The politicisation of brands in the modern age

We’re living in an age of heightened political awareness and arguably political engagement levels are stronger than they have been for decades. From Trump and Brexit to separatist movements and new ideologies springing up all around the globe, these are politically charged times and the commercial world cannot help but be affected by the change in regimes and in the global mood. How then are brands responding to this? And is it a good thing for brands to get swept up in the politics game? After-all it is a notoriously controversial sphere, that leaves a hard to erase legacy. Reputations are made and broken through political association. Is it safe for your brand to affiliate itself with anyone cause or issue?


Lately, in the United States, gender has become a key issue in relation to public bathrooms. Some states have outlawed the use of certain bathrooms by those individuals not born with the gender that corresponds to the gender outlined on the bathroom door of the public toilet they use. This means that transgender individuals, who have not had full surgery are not able to to use the bathroom which they feel suits their gender identity. The department store Target announced its plans to allow all individuals to use the bathroom that they feel most relates to their gender. This obviously caused furor in many conservative camps, but none the less endeared Target to a new, progressive consumer group. However much of Conservative America has significant financial reserves and in the case of Target, conservative Christians launched a boycott Target campaign, which saw successful results. Profits dropped significantly and proved Target’s uncharacteristic foray into politics to be miss guided and financially catastrophic.


Brands that take up a particular political position, often do so in response to their rivals behaviours. Often these so-called rivals are companies that are in opposition to the brand’s ethos and values and it seems like a natural move for brands to publicly oppose their rivals political stances by declaring support for opposing parties. After Donald Trump’s ban on Muslims entering the US, the CEO of Starbucks, Henry Schultz a long-time Hillary Clinton supporter, announced his intentions to hire 10,000 refugees over the next ten years. Given that some refugees are currently escaping majority Muslims countries, this signaled a strong opposition towards Trump. In his announcement, which was sent to Starbucks employees with the title, “Living Our Values in Uncertain Times”, Schultz echoed Starbucks’ brand values of Fair-trade, liberalism, and humanitarianism. Starbucks has long since struggled to cement this humanitarian brand image, so cynically one may assume that Trump’s travel ban and Starbuck’s subsequent refugee pledge, merely allowed for Starbucks to make up for lost time in their mission to appear more progressive.  In response to Starbucks’s announcement, Utah company Black Rifle Coffee, a chain of coffee shops which oppose granting asylum to refugees, pledged to provide jobs for 10,000 army veterans. Given that Black Rifle Coffee already sells beverages to conservative, military supporting, rural based Americans, they were giving their audience what they wanted through their pledge. Thus they strengthened their rapport with their clientele.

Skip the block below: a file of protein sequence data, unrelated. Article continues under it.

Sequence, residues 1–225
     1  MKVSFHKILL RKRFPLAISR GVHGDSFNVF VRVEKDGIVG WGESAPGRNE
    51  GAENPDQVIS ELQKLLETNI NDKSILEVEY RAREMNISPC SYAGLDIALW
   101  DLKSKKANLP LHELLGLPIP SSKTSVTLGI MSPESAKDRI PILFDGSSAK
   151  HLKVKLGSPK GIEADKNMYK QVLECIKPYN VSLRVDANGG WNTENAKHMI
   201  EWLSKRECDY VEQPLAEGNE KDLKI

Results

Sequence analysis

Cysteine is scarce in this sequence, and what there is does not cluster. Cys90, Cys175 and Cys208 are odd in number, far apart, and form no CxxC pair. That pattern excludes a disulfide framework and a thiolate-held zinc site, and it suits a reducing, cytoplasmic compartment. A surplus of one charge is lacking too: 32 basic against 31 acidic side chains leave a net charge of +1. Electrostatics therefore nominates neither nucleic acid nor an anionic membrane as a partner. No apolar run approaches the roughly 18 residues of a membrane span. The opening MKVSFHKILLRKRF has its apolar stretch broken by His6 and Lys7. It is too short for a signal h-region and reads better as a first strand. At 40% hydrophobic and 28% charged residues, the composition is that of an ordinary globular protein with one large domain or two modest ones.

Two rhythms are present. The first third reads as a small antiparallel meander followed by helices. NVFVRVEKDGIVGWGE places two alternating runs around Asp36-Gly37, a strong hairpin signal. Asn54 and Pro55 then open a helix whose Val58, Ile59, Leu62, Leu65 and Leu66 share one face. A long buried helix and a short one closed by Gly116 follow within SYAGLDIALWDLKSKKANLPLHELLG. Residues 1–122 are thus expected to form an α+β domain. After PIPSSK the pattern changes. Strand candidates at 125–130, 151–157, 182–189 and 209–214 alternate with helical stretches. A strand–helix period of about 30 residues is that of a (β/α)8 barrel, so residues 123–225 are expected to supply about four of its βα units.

In the present day, it is hard for brands to use politics as a tool to increase their sales. It is an incredibly controversial subject and because issues are so complex and nuanced, it is hard for brands to sum them up in succinct messaging. Political affiliations can cause brands to become victims of boycotting, where they stand to lose significant revenue. If your company is small and its consumers are a fairly homogenous group of people, it could be safe enough to include political leanings in your messaging. You will, in this case, be preaching to the converted and will be unlikely to cause much offense.  Still, you cannot be guaranteed. You must really know your audience first. If you are a large company catering for huge cross sections of society, then you are bound to alienate or even worse offend some within your audience.  Brand values are important, but they don’t have to be political or have a political affiliation, the broader and more universal they are is often better.